Posted on March 12, 2017 at 9:00 PM Gradient boosted models are a popular machine learning algorithm that can be used for both regression and classification. In this short introduction I will attempt to explain the basic principles behind this powerful technique and how it can be used.

The goal of supervised learning is to find a function that maps a set of input features (x) to a desired output response variable (y). More formally, given a set of feature vectors -

(x_1, y_1), (x_2, y_2), ... (x_n, y_n)

Find a function -
F(x) = y

that minimizes a loss function -
L(y, F(x))

Our model,
F(x)

will not fit the response variable perfectly, and we can capture deviations from the actual and predicted values of the response variable with a function -
h(x)

such that -
F(x) + h(x) = y

and -
h(x) = F(x) - y

As shown above, the residuals, contained in -
h(x)

are the difference between the predicted and actual values of the output variable. In gradient boosting we attempt to improve the initial model by incorporating an additional model of the residuals. In this way, we can build a model in a stagewise manner where each stage introduces a weak learner that models the residuals, and the final model is simply a linear combination of the weak learners. This can be expressed as -
F_1(x) + h_1(x) = y

h_1(x) = F_2(x) + h_2(x)

h_2(x) = F_3(x) + h_3(x)

.\\ .\\ .\\

h_{n-1}(x) = F_n(x) + h_n(x)

We can now express this model as a linear combination of weak learners as -
F(x, \beta) = \sum_{i=1}^{n}\beta_ih(x)

The weak learners used for the construction of this ensemble are typically decision tress. Do not worry about the coefficient at this time, I'll get to that. Now, how is this related to gradient descent? The principle of gradeint descent is that the local minimum of a function can be found by taking steps that are proportional to the negative of the gradient (derivative) of the function at the current point. As mentioned above, a supervised machine learning model is generated by finding a function that minimizes a loss function. Consider the popular regression mean squared error loss function assuming the Gaussian distribution -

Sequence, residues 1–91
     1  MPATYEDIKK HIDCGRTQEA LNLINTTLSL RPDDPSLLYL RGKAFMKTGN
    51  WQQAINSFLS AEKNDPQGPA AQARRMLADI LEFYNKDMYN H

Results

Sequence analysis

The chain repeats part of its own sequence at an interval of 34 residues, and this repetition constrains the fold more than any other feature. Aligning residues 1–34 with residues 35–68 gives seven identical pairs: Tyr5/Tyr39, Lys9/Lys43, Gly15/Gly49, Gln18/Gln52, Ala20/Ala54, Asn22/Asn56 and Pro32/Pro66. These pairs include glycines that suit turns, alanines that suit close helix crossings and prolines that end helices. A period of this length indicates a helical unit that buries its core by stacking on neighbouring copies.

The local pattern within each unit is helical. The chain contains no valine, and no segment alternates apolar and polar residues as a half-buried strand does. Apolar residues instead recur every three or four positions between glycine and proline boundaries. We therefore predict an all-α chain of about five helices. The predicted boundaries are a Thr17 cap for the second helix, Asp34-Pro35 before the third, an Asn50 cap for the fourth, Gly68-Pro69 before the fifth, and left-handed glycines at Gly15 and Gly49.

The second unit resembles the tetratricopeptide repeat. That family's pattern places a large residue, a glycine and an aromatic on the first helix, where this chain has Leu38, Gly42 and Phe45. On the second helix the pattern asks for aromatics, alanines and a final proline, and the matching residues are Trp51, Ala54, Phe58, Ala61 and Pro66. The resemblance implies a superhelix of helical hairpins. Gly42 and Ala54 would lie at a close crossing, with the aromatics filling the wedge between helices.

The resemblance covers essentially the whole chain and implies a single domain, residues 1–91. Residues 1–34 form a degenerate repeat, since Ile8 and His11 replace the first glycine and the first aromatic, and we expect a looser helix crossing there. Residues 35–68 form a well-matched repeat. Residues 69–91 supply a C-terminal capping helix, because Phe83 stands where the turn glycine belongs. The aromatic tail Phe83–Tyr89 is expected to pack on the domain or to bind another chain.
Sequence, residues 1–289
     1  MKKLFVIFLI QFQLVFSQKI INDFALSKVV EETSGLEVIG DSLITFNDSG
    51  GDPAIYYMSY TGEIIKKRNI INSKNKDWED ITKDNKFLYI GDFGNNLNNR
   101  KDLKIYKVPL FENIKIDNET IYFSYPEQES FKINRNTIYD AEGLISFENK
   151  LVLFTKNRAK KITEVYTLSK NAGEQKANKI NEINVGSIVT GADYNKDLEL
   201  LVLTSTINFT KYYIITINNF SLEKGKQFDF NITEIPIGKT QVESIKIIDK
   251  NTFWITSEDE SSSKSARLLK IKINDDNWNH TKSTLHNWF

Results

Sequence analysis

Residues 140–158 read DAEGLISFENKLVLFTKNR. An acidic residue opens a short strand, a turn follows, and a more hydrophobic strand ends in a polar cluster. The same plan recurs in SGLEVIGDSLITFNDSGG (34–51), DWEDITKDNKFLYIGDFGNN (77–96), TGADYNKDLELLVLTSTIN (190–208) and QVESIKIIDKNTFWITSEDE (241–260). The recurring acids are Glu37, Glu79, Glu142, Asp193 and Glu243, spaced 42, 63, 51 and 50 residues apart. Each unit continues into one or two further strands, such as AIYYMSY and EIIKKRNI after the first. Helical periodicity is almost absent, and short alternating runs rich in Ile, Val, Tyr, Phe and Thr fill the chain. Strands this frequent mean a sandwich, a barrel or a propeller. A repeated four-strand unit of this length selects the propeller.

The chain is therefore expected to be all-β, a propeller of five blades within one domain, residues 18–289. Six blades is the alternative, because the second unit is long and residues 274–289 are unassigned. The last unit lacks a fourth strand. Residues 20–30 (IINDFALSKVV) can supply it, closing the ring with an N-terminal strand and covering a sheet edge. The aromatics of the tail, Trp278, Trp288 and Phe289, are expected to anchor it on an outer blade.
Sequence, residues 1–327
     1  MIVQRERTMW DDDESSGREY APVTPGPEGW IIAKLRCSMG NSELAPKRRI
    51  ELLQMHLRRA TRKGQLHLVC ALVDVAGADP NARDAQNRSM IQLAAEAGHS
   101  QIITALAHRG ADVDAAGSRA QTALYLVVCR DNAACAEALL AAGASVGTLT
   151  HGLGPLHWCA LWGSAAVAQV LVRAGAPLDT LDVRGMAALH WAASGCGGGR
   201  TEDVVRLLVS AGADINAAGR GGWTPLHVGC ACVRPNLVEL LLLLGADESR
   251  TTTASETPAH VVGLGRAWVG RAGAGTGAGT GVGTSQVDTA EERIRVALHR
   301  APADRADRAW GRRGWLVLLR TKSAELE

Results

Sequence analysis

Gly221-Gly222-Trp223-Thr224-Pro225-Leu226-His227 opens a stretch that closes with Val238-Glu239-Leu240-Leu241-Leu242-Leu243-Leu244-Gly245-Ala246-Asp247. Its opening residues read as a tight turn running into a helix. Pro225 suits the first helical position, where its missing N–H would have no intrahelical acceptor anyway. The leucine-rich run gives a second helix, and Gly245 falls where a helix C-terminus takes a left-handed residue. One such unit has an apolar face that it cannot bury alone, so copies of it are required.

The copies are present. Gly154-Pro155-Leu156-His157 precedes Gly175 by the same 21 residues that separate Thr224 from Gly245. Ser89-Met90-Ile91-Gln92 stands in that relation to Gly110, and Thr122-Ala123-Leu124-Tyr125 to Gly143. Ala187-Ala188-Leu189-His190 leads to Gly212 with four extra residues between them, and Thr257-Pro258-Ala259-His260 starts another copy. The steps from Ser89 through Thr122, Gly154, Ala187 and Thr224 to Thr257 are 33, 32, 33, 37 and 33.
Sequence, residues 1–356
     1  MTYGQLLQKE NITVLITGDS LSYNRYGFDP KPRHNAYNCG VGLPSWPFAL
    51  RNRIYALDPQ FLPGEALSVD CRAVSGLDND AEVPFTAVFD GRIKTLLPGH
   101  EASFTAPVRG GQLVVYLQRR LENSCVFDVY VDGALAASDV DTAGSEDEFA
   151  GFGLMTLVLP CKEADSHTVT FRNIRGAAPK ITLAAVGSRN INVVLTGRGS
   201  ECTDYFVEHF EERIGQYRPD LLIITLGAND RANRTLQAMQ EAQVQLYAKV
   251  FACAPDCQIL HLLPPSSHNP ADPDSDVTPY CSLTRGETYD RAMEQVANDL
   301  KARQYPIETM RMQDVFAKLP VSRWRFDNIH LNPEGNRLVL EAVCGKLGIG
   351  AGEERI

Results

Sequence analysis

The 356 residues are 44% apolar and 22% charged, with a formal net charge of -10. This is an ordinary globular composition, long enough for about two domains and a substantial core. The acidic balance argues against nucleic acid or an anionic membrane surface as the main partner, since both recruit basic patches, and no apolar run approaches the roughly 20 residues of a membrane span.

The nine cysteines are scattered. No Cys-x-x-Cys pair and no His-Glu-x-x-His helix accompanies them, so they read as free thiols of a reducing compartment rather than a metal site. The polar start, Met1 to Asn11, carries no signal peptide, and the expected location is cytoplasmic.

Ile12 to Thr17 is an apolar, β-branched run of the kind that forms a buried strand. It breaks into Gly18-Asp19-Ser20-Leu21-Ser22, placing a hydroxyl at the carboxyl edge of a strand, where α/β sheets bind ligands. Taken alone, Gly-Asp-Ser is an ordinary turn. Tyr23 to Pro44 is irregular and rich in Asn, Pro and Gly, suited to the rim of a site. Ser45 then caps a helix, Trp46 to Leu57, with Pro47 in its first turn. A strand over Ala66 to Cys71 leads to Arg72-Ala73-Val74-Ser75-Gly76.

loss = \sum_{i=1}^{n}(y_i - F(x_i))^2

Thus, we can find a local minimum for the loss function by moving against the gradient, or -
-\frac{d(loss)}{d(F(x_i))} = 2(F(x_i) - y_i)

This result is significant, because the negative gradient of this loss function is equal to the residuals. This means that by introducing weak learners that fit the residuals we are essentially moving to a local minimum of the loss function. This strategy can be applied to any differentiable loss function. For example, consider the cross-entropy, or negative log loss of a binary classifier -
logloss = \frac{-1}{N}\sum_{i=1}^{n}y_ilog(f(x_i)) + (1-y_i)log(1-f(x_i))

It can be shown that the negative log loss of a binary classifier, such as a logistic regression model, is equal to the maximum likelihood estimation. The likelihood of n independent events is equal to -
L = \prod_{i=1}^{n} p_i

Therefore, the probabilities corresponding to classification by a logistic regression model correspond to -
P(y=1 | x) = \frac{1}{1+e^{-f(x)}}

and -
P(y=-1 | x) = 1 - \frac{1}{1+e^{-f(x)}} = \frac{1}{1+e^{f(x)}}

Combing these we obtain -
P(y | x) = \frac{1}{1+e^{-y*f(x)}}

and the likelihood now becomes -
L = \prod_{i=1}^{n}\frac{1}{1+e^{-y_i*f(x)}}

We can now calculate the log of the likelihood -
\sum_{i=1}^{n}log(1 + e^{-y_i*f(x_i)})

L = log(1 + e^{-y*f(x)})

This now becomes our loss function, and we are only left to take the derivative -
\frac{d(L)}{d(f(x))} = \frac{-1}{1+e^{f(x)*y}}

Therefore, by learning a weak model to the derivative of the we are essentially, as above with the case for regression, moving towards a local minimum of the log loss for the classifier. Many other loss functions, such as the exponential loss used in the Adaboost algorithm, are differentiable and are adaptable to the gradient boost methodology.

There are four model hyperparameters parameters that are important for gradient boosted model building in R: the minimum number of observations in a terminal node, the number of trees, interaction depth, and shrinkage.

* n.minobsinnode - minimum number of trees in a terminal node

* n.trees - the number of trees in the model (i.e. the number of gradient boosting iterations)

* shrinkage - reduces the impact of each tree and prevents the model from taking steps that are too large

* interaction.depth - the number of splits on a tree starting from a single node

To see an example of this in action, go see my next post!